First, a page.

Porting Disaster: While the Wii U version is by no means bad, it does have some draw-distance issues that make soldiers seem to pop up right out of nowhere. Similar problems exist in the Vita version of Ultimate, and are much less excusable given that similar issues are not present in the more-advanced port of Dynasty Warriors 8 XL.
HoYay/FoeYay/LesYay - Zhao Yun & Yukimura, Cao Pi & Mitsunari, Sun Shangxiang/Xingcai & Inahime, to name a few... Koei games in general are built upon these.
Himiko and Da Ji are pretty cute also... In one particular mission in the second game, you overhear a concerned Da Ji desperately screaming for Himiko to escape from the Shu forces. Himiko expresses concern toward Da Ji taking this battle all for herself. And, in the last chapter, Himiko will pray for Da Ji's safety if she engages in battle.
Don't forget about Cao Pi (in the first game) and Cao Cao (in the sequel).
Scrappy Mechanic - I get to control three characters, but why is it when the character I control dies, it's an automatic game over? What becomes of the other two?
The first two games forced your co-op partner to use the same team as you. Thankfully changed in Z (albeit not released internationally) and 3.
So Cool It's Awesome - Worth noting that WO3, barring that one chink of no English VA, is thus far, the highest rated, most praised Warriors game ever that even the reviewers that usually hated the 'repetitive' Warriors games caved in for praise, considering it the ultimate definition of Warriors/Musou games.
Surprisingly Improved Sequel - Warriors Orochi 3 is probably the best Koei "Warriors" game yet made, highly rated even by reviewers who usually say they hate the repetitiveness of the franchise. For the Orochi sub-franchise especially this is significant because WO2 got only middling scores at best. Why? A variety of little reasons; inclusion of many characters beyond just Samurai/Dynasty Warriors (like Ryu Hayabusa and Joan of Arc!), better combat variety between characters in general in form of giving different charge attacks to everyone so that the only shared move between characters that use the same weapon is their basic combo, the hundreds of unique conversations in the camp between your characters, and most likely the mission progression. Instead of having a few story modes for different sides, everyone the player controls is on one side and you add more and more guys to your collection with each stage you conquer, leading to an addictive Gotta Catch 'Em All mentality.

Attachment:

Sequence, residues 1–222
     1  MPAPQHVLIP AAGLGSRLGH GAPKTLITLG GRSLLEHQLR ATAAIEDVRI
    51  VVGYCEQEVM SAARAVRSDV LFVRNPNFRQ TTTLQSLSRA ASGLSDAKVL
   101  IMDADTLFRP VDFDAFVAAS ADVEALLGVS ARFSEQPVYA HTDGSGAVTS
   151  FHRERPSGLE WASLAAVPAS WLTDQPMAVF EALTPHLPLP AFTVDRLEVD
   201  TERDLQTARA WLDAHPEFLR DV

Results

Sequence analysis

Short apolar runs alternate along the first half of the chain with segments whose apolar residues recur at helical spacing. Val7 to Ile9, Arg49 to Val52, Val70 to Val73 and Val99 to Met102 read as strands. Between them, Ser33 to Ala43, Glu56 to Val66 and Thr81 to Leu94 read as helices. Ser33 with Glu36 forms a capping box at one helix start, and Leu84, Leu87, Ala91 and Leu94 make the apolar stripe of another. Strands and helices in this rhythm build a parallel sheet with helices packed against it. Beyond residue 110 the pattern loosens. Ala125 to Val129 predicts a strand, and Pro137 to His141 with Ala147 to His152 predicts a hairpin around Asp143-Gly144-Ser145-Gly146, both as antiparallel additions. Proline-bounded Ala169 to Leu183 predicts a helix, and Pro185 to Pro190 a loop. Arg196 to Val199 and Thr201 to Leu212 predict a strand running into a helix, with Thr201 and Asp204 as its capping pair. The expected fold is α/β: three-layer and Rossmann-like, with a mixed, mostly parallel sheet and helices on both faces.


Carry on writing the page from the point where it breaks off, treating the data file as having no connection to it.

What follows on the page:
Even Better Sequel: And then Ultimate comes along and is even better! Featuring an incredibly in-depth Gauntlet mode, more characters, including characters from other franchises, and 4 more chapters in the story!
That One Level: WO3 has at least 2: Battle of Ueda Castle has a disproportinately high number of allies you need to protect which tend to be positioned far apart from each other, and since it's the second actual stage in the game not counting the intro level, you really don't have many leveled-up or otherwise overpowered characters to help you out, which can easily lead into one of the allies getting killed while you're busy trying to save another one.
The second one is Battle of Xuchang, due to how easy it is to lose if you don't know what happens beforehand: one of the main objectives is capturing Shuten Doji, and the second you kill off Dong Zhuo, he'll start fleeing. Since he's positioned very close to an escape point, it's extremely easy to fail to get to him in time before he runs away which causes you to lose the mission.
Rescue at Osaka Castle from Wu's campaign in the first game is unanimously hated among players. Basically, you need to rescue Sun Jian and a few other generics, who are kept separately in each of the castle keeps. Sounds easy enough, except that the keeps are scattered all over the castle, have multiple levels and are barred by closed gates, meaning that you have to circle around all the way from one end to another just to get to them. What's more is, once Sun Jian has been rescued, you still need to escort him to the escape point, dealing with incessantly appearing ambushes and seal off every enemy entry point along the way, or else he refuses to move a single step, adding unneccessary frustrations and overall just makes the level look like a blatant Fetch Quest. No need to mention that at the end of the level, Sun Jian still gets himself re-captured, which just make you feel your efforts are all in vain.